1 , ICMAB-CSIC, Barcelona Spain, 2 , Centro de Investigación Nanociencia y Nanotecnología, Barcelona Spain
It is well-known that the surface morphology and the chemical termination of ABO3(001) perovskite-type substrates (i.e. AO and/or BO2) drive the early stack of subsequent functional layers. In this communication, with the example of the most-commonly used perovskite-type substrate for growth of oxide heterostructures, namely SrTiO3(001), we show that well-defined surfaces with atomic steps and flat terraces can be obtained by annealing in air at high temperature. Moreover, taking advantage of the SrO surface segregation with temperature and time on fully TiO2-terminated surfaces, we demonstrate that the chemical termination ratio can be well-controlled in a full range of 0 to 100% without destroying the “step and terrace” morphology. These results are revealed by phase imaging by amplitude-modulation atomic force microscopy and the impact on the early stacking sequence is shown through the pulsed laser deposition of (sub)monolayers controlled by in-situ high pressure reflection high energy electron diffraction.
12:45 PM - I1.11
Interface-charge-coupled Ferroelectric Hysteresis Resistance Switching in Pt-ZnO-BaTiO3-Pt Heterojunctions: A Physical Model Approach.
Venkata Voora 1 , Tino Hofmann 1 , Mathias Schubert 1 , Matthias Brandt 2 , Nurdin Ashkenov 2 , Lorenz Michael 2 , Grundmann Marius 2 Show Abstract
1 Department of Electrical Engineeringand, and Nebraska Center for Materials and Nanoscience, University of Nebraska-Lincoln, Lincoln, Nebraska, United States, 2 Institut für Experimentelle Physik II, Universität Leipzig, Leipzig Germany
We present a simple continuum model for the frequency and voltage dependencies of resistance and capacitance in heterojunctions composed of wurtzite-structure (piezoelectric) ZnO and perovskite-structure (ferroelectric) BaTiO3. The ionic wurtzite-structure (ZnO) and pervoskite structure (BTO) lattice polarizations couple at their common interface, and cause strong asymmetric electro-optic and electric hysteresis behavior. Control of slight n-type conductivity in ZnO allows to produce electrical resistance switches by employing the depletion layer at the ZnO interface. The ferroelectric state within the BTO controls and sets the overall heterostructure conductance, and which may be used in memory applications. We compare our model to voltage and time dependent capacitance measurements, and find excellent agreement over large bias and frequency regions. Temperature dependent measurements reveal the complete disappearance of the hysteresis at the paraelectric phase transition, which is further corroborated by electro-optic Raman and Ellipsometry measurements. From these investigations we conclude that BTO ferroelectricity is the driving cause of the hysteresis, instead of trap charges injected through the interfaces. Our model approach further allows us to access the spontaneous piezoelectric interface charge of ZnO from the electrical experiments.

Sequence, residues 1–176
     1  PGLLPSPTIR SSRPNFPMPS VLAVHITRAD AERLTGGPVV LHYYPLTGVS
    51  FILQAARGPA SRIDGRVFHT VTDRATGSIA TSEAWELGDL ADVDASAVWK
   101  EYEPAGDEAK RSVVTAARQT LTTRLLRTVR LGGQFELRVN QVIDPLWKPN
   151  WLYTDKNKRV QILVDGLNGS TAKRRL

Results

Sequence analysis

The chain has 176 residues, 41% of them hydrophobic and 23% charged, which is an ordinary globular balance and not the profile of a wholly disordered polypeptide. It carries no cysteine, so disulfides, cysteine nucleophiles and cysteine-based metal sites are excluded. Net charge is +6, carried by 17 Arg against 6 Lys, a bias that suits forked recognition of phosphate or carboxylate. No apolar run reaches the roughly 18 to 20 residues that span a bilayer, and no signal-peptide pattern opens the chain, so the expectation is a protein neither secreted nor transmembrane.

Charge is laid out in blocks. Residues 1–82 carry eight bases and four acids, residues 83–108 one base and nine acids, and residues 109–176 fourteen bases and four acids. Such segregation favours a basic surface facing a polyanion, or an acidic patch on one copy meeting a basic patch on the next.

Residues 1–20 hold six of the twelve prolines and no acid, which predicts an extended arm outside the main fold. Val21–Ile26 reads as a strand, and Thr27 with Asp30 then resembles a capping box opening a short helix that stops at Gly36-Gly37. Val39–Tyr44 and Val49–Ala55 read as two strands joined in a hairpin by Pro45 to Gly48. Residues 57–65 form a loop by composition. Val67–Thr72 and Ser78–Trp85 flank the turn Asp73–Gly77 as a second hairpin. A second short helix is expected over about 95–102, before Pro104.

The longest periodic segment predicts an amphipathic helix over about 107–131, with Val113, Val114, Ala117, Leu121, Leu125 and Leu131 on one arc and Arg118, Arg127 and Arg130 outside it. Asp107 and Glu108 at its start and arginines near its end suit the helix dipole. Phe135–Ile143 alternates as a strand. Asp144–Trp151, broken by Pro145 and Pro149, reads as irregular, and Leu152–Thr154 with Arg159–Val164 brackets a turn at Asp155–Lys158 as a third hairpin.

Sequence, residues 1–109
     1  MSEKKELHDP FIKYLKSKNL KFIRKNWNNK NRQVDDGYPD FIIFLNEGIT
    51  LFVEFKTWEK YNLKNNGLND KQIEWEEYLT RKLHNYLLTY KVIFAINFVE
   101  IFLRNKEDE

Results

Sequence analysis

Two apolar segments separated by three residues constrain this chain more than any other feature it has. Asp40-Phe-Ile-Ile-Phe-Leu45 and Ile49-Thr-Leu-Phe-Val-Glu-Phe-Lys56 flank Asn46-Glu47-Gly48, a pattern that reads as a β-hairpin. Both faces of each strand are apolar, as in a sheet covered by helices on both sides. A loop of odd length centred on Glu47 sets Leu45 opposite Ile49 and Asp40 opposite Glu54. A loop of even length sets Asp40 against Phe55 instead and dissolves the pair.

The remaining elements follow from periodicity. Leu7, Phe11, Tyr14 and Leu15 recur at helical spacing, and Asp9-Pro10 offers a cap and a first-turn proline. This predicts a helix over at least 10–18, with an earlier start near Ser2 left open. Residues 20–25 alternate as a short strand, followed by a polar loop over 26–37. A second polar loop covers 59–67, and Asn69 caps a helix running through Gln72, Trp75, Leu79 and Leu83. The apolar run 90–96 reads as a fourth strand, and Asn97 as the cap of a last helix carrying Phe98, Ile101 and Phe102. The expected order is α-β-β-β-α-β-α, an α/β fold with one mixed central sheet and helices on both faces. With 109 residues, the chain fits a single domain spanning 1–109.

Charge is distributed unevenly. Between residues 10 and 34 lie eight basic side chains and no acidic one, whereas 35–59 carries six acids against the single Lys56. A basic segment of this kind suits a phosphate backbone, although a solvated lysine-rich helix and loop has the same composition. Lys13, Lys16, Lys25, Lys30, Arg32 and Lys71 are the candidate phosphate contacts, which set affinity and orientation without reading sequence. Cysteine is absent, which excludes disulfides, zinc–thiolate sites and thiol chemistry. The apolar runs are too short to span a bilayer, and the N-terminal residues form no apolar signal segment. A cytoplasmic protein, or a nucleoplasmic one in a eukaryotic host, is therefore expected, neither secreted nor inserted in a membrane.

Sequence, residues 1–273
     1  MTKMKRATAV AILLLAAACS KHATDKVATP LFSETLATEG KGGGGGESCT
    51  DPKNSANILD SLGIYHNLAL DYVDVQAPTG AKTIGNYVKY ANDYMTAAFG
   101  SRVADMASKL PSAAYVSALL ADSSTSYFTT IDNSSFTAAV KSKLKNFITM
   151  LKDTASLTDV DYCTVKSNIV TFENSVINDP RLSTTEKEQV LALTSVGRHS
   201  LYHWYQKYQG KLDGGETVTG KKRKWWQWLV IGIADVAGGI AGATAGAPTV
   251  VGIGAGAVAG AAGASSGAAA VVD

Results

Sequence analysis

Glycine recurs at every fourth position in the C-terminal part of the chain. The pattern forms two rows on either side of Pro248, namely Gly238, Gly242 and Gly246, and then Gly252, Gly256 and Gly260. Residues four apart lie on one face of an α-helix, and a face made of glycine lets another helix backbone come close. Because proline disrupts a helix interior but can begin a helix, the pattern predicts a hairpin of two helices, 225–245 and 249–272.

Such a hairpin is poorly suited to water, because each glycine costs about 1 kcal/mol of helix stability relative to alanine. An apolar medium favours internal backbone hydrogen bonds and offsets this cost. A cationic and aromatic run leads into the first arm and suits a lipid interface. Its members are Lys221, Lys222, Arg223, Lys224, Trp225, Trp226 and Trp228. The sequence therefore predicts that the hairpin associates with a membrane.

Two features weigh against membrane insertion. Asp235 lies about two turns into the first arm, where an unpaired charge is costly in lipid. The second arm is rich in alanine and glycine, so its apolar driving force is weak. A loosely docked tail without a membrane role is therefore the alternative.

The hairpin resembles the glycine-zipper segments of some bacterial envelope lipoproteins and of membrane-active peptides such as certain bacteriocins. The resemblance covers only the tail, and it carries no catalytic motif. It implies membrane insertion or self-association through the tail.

I3: Poster Session: Nanostructures and Thin Films: Electric, Magnetic and Ferroelectric Properties
Wednesday AM, March 26, 2008
Salon Level (Marriott)
9:00 PM - I3.10
Size Effect on Phase Transitions in Strained Ultrathin BaTiO3 Films Studied by Ultraviolet Raman Spectroscopy.
Dmitri Tenne 1 , Paul Turner 1 , Jonathan Schmidt 1 , Arsen Soukiassian 2 , Michael Biegalski 2 3 , Xiaoxing Xi 2 , Susan Trolier-McKinstry 2 , Darrell Schlom 2 Show Abstract
1 Physics, Boise State University, Boise, Idaho, United States, 2 , Pennsylvania State University, University Park, Pennsylvania, United States, 3 , Oak Ridge National Laboratory, Oak Ridge , Tennessee, United States
We have applied ultraviolet (UV) Raman spectroscopy for studies of phase transitions in a series of ultrathin BaTiO3 films with layer thicknesses varied from 4 to 25 unit cells. The films were grown by molecular beam epitaxy on SrTiO3 (001)-oriented substrates. UV Raman spectroscopy data show that the 5-unit cell thick single BaTiO3 film commensurately grown on SrTiO3 substrate becomes polar at the temperature ~75 K. The ferroelectric phase transition temperature varies in a very broad range as a function of layer thickness, being as high as about 850 K for the 10-nm-thick (25 unit cells) BaTiO3 film, even though the latter is partially relaxed. Multilayer structures containing several BaTiO3 layers separated by SrTiO3 layers have significantly higher phase transition temperatures compared to single BaTiO3 films of the same thicknesses. This work was supported in part by NSF and Research Corporation.
9:00 PM - I3.11
Optical Detection of SiN Stress Layer Induced Carrier Mobility Enhancement in Silicon.
Frank Wirbeleit 1 , Victoria Pedrero 2 , Dominik Thron 1 , Rolf Stephan 1 , Udo Schalke 2 Show Abstract
1 , Advanced Micro Devices, Dresden, Sachsen, Germany, 2 Darmstadt University of Technology, Institute for Semiconductor Technology, D-64289 Darmstadt Germany